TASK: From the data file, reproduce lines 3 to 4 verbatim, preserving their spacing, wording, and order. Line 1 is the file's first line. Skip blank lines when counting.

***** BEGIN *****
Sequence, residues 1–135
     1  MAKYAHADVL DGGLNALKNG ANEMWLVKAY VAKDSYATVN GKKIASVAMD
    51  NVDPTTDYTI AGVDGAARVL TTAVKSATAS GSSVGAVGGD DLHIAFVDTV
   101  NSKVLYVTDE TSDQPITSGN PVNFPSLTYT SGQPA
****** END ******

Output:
    51  NVDPTTDYTI AGVDGAARVL TTAVKSATAS GSSVGAVGGD DLHIAFVDTV
   101  NSKVLYVTDE TSDQPITSGN PVNFPSLTYT SGQPA